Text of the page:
They might even invite you to their garden. A small village café is the best option for information.
Very useful for the less shy among you!
Useful apps for finding camp sites
You can look at satellite images on Google Maps to find quiet spots.
Other apps can also help you:
- Maps.me: Combined with satellite images, you can find beautiful spots and even abandoned campsites.
- Wikicamps for the United States, Australia, New Zealand, Great Britain and Canada.
- iOverlander: Useful to list the good spots nearby.
- Welcome To My Garden: Will tell you about people ready to welcome you in their garden for free.
Pay attention to surrounding noise
Nothing worse than having a highway nearby or a dog barking.
Because, while you might think that the traffic will be lighter at night or that the dog will wear out, it’s not going to happen.
Traffic will continue to rumble past and if a dog doesn’t want you there he’s going to let you know. Constantly.
Inspect the soil and its surroundings
It’s important to be wary of the elements.
I would not recommend sleeping too close to a river. You never know, if there is a dam higher up.
And if there’s unexpected bad weather, it can be dangerous.
Always be prepared for bad things to happen so you don’t get caught off guard.
Related: For a realistic list of annoying things to expect, read our other post Disadvantages of traveling by bicycle: Cons of cycling vacations
Many have experienced it and it’s not great to wake up with water in the tent!
Check out the vegetation. Thorny plants grow in some places, and that’s how we end up with a deflated mattress and a hole in the tent.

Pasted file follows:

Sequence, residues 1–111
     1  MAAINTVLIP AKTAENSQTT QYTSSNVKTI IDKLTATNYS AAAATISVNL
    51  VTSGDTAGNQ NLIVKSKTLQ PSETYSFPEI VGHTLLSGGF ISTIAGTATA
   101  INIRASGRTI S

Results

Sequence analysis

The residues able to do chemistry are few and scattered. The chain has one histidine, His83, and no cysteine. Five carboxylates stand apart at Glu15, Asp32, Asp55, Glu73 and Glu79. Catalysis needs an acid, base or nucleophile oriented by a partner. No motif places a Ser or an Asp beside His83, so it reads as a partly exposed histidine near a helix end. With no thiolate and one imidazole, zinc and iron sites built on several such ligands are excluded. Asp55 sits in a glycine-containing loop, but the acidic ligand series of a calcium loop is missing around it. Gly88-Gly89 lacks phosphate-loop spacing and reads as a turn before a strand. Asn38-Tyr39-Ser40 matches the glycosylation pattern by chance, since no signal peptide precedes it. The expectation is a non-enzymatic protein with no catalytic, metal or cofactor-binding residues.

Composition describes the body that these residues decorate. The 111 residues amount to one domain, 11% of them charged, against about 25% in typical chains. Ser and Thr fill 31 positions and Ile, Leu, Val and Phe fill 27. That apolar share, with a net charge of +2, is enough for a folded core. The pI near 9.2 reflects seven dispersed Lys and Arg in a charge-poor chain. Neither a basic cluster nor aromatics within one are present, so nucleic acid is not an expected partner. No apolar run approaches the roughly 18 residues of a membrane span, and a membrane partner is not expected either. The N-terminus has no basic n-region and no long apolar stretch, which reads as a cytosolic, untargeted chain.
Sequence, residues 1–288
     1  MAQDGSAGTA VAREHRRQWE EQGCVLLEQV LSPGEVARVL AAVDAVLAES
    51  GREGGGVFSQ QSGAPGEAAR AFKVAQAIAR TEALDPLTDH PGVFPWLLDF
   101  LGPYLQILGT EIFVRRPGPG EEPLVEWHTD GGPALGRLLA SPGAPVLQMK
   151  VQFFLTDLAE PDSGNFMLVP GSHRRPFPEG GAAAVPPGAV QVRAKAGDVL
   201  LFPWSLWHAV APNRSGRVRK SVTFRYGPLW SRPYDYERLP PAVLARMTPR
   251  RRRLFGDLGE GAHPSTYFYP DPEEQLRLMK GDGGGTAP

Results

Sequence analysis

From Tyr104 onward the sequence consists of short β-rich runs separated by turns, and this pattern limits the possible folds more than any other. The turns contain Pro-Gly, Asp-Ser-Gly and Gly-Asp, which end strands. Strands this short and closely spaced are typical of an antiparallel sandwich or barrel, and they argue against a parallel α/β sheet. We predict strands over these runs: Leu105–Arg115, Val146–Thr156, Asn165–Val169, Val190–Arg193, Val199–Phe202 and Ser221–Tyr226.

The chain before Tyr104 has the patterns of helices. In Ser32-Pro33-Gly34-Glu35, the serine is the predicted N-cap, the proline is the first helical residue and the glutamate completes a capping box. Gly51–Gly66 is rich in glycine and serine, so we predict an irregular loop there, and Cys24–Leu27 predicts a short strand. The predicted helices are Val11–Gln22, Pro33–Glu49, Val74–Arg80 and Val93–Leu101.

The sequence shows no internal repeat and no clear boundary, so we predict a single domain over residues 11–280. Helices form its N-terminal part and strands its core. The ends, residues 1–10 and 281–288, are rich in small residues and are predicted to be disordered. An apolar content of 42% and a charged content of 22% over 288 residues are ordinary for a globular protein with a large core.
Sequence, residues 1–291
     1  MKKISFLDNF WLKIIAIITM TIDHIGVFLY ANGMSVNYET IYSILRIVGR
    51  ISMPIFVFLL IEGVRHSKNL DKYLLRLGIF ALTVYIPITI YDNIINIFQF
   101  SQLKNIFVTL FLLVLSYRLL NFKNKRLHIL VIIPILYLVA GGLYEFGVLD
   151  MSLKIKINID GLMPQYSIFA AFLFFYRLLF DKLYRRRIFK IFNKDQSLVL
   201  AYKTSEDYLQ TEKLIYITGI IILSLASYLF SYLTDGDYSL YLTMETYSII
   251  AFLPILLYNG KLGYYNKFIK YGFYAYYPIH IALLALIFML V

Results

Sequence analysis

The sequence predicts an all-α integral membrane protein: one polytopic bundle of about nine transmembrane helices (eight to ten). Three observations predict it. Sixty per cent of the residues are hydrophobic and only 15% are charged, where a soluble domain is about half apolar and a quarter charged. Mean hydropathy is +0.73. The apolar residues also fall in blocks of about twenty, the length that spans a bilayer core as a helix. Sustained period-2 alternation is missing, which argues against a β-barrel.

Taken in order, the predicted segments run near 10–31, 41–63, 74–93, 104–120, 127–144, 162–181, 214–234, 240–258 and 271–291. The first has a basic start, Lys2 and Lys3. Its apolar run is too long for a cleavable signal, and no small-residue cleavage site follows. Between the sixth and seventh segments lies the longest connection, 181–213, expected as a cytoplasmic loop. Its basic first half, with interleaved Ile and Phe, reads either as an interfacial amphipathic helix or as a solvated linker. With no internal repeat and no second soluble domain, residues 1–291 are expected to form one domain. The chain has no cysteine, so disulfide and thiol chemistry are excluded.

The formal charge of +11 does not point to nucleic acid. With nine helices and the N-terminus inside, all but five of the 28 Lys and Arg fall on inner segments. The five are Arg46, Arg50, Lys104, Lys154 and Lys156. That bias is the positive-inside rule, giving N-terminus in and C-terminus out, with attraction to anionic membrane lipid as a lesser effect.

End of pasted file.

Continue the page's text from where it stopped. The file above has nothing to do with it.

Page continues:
Find a flat spot
This is often the most problematic part of finding a place to pitch your tent.
It’s quite unpleasant to spend the night sliding around in the tent but unfortunately it can’t always be perfect!
So the flatter the surface, the better the spot.
Bicycle camping trip tips for beginners: Follow your instincts
There are times when your instincts tell you that you shouldn’t stay there, in that place.
If alarm bells are ringing, there is a reason. Listen to your gut instinct
And the more you are used to camping, the more attuned you will become.
In this case, feel free to pass by until the next find.
Find a corner out of sight
When looking for a place, try to take the small parallel roads, small paths, or any track that goes into a wood.
It allows you to get away from the main roads and find more remote places.
Spending an evening alone and with the sounds of the surrounding woods is great.
On the other hand, some campers don’t respect any rules. They go on their bike trip with an attitude, counting on the benevolence of the population.
To each their own, but we believe that you shouldn’t take this for granted.
Bicycle camping trip tips for beginners: Conclusion
We can tell you from experience that it’s not as stressful as it may seem.
Keep an open mind, use your common sense and be sensitive to your surroundings.
Respect the local community, and you’ll get it back tenfold.
While these tips help you plan for your camping adventure in between bike rides, remember you’ll also have to be physically fit to get from one campsite to the next!
No worries though, we’ve got you covered on that front as well, just check out this article: How do I train for a cycling holiday?